to caress the moon with the tide.

Where shall I find a love

of my own proportions?

She’d never fit beneath the miniature sky!

Oh, if only I were poor!

like a millionaire!

What’s cash for the soul?--

a thief driven by greed.

The gold of all californias, I swear,

isn’t enough for the ravenous hordes of my needs.

Oh, if only I were tongue-tied

like Dante

or Petrarch!

I’d ignite my soul for a single love!

and with poetry, I'd set her ablaze!

If my words

and my love

were a triumphal arch:

the inamoratas of all the ages,

would pass through it gallantly,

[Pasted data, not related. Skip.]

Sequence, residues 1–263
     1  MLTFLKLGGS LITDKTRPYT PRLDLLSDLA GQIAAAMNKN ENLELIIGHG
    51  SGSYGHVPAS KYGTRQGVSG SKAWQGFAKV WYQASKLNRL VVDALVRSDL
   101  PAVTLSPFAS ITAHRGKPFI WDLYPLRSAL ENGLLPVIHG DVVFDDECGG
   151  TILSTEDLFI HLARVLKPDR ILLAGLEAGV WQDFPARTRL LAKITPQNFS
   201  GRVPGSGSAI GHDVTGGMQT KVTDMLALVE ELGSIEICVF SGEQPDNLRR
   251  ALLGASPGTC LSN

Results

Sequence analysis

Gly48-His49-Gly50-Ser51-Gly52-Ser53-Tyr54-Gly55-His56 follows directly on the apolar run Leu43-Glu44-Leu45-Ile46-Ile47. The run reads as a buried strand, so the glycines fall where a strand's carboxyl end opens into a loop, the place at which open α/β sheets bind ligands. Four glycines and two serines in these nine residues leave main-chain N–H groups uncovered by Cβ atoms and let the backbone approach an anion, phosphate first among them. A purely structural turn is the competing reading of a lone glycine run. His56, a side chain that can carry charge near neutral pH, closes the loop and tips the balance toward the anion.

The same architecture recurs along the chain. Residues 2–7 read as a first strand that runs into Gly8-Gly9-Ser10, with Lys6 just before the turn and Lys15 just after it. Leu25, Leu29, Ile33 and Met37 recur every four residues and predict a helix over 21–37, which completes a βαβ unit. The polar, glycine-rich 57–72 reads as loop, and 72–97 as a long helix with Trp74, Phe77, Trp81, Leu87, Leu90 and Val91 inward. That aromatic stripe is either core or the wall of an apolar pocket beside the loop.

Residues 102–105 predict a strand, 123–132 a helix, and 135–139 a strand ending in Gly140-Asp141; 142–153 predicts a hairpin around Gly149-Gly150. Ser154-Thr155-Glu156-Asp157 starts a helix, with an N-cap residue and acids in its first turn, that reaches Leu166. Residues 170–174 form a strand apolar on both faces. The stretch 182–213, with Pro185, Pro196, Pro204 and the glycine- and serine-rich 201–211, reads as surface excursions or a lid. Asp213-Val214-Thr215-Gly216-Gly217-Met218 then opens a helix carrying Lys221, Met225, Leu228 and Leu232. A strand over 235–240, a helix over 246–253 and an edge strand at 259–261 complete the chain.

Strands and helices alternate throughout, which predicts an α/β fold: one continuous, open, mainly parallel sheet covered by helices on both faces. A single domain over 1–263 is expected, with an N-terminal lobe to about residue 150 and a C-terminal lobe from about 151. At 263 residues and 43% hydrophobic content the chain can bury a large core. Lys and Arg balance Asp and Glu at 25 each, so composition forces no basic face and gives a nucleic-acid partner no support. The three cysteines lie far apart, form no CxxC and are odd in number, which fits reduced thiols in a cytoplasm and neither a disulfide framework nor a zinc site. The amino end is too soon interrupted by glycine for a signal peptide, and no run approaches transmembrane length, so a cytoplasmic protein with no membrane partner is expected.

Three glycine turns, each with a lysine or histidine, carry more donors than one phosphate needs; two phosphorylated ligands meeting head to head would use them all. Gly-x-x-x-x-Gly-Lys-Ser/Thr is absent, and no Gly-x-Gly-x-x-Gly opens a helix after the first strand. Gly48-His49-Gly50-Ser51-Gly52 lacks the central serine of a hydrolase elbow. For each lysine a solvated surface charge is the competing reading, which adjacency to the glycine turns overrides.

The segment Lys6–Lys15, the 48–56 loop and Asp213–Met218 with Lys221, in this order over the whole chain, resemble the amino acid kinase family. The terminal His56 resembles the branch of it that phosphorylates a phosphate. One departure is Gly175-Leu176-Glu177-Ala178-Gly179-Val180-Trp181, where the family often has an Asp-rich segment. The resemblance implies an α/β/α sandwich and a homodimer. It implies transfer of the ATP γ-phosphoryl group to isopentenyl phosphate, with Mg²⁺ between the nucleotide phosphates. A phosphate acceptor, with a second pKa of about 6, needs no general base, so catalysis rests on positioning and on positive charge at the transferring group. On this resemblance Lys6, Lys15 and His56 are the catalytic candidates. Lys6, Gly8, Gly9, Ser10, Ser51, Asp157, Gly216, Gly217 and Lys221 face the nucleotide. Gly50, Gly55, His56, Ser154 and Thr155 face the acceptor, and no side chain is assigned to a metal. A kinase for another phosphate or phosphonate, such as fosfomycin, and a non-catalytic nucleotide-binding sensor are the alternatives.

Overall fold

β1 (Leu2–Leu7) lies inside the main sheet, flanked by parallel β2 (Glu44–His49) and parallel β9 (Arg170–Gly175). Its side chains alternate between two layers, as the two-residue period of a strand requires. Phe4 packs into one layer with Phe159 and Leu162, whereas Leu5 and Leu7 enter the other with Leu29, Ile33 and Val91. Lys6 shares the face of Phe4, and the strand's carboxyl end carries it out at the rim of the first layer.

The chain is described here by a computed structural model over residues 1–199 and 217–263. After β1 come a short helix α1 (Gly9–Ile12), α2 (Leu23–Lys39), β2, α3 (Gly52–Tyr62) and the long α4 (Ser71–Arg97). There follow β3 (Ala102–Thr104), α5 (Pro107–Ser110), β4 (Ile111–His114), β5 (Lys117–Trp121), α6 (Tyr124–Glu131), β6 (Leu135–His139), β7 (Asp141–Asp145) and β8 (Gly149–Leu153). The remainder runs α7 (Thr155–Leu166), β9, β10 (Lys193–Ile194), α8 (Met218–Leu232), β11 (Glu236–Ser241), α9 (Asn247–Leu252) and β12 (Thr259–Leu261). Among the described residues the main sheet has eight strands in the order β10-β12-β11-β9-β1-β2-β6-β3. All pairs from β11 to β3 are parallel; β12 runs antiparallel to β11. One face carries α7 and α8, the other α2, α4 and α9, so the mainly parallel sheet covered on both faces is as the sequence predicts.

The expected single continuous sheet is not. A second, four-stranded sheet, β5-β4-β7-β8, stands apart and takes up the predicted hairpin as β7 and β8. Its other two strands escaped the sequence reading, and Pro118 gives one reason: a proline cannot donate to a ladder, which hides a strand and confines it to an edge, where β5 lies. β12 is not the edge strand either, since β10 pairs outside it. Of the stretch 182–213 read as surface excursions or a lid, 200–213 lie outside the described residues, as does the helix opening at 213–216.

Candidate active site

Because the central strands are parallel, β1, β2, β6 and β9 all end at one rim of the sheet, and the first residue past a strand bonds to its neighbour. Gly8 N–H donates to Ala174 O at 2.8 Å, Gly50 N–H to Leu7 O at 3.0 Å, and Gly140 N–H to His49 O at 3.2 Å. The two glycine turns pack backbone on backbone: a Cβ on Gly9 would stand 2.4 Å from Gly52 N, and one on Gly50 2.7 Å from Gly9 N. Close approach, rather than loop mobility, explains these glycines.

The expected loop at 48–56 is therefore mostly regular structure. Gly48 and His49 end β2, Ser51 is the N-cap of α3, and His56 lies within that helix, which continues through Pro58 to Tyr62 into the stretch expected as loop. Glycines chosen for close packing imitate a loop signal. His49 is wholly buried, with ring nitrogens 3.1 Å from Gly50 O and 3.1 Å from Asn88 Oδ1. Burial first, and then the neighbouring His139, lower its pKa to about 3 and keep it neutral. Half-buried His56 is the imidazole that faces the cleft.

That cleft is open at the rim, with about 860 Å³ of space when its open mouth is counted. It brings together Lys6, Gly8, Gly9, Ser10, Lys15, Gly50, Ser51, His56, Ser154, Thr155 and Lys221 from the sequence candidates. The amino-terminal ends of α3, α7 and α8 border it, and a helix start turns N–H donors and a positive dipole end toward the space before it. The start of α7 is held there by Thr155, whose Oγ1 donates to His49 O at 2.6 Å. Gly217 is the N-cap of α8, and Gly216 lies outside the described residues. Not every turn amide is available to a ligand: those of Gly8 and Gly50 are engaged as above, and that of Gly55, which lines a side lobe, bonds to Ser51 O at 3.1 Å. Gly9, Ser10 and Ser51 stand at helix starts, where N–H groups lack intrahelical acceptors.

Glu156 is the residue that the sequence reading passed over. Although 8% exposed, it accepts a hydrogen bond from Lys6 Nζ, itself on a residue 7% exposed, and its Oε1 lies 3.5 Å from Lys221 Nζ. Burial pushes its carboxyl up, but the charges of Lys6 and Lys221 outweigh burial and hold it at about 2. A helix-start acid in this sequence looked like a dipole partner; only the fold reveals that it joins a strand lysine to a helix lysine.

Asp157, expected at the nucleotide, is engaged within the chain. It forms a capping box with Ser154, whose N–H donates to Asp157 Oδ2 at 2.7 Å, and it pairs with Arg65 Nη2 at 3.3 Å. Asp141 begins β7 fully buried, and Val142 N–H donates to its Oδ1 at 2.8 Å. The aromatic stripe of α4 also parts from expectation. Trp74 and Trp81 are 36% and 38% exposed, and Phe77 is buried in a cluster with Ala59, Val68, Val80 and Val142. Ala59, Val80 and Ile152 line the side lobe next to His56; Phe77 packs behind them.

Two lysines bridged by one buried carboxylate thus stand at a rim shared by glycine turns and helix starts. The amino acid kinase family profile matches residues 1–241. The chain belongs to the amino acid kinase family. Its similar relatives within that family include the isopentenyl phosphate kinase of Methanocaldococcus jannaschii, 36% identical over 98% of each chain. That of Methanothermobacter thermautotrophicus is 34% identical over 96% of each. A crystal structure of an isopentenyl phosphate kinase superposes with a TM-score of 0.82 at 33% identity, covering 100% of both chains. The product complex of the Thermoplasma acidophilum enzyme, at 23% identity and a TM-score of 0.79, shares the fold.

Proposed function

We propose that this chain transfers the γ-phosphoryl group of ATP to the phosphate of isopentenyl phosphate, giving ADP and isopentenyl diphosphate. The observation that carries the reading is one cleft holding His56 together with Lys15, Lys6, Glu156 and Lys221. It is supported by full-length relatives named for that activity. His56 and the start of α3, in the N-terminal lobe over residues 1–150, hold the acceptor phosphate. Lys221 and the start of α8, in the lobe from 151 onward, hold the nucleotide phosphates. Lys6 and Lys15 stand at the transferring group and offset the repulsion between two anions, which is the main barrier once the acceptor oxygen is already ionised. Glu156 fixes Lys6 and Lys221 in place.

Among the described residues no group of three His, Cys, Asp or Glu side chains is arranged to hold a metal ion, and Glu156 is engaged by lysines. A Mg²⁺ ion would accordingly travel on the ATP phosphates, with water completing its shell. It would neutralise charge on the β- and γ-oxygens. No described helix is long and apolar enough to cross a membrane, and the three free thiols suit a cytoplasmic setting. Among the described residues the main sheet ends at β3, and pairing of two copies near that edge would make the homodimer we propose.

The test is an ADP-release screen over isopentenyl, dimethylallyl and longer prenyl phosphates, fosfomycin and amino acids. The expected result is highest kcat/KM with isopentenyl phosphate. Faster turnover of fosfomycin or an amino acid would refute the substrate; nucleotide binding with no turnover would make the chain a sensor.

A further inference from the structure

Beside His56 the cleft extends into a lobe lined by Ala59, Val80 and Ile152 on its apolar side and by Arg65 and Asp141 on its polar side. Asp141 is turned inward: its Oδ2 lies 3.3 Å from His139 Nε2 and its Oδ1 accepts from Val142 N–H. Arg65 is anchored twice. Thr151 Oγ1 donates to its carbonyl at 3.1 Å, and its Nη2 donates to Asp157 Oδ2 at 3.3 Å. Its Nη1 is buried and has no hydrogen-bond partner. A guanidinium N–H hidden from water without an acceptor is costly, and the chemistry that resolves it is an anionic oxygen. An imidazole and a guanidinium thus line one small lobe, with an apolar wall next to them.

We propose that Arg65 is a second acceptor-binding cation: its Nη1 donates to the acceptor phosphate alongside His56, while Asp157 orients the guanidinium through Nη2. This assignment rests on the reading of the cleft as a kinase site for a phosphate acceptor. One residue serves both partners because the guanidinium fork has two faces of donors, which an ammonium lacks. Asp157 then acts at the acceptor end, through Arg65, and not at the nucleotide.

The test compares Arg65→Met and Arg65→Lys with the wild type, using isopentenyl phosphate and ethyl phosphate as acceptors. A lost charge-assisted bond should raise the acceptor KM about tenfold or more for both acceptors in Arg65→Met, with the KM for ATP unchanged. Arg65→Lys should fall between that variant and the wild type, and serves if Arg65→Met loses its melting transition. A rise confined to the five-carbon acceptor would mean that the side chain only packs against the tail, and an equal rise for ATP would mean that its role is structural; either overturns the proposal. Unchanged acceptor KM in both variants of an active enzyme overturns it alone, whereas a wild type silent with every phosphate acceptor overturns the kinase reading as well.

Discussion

leaving no trace.

Oh, if only I were

quiet,

like thunder,--

I’d moan

and the earth would tremble, languished.

If I allow my vast voice

to rumble,--

the comets, wringing their burning arms,

would plunge in anguish.

I would gnaw the nights with the rays of eyes,--

if I were as dim as the sun,

I’d shine!

Why should I feed

the earth’s scrawny bosom

with my brilliant, radiant light?!

I shall go on,

dragging behind me my love’s huge clod.

In that remarkable night,--

delirious,

feverish and haunted,--

by what Goliaths was I begot,

so enormous

and so unwanted?
Vladimir Mayakovsky
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Something about the Conductor

The restaurant was rouge from the electricity.

Chairs were soaked with the flesh of the feminine heap.

When the insulted conductor rushed in and explicitly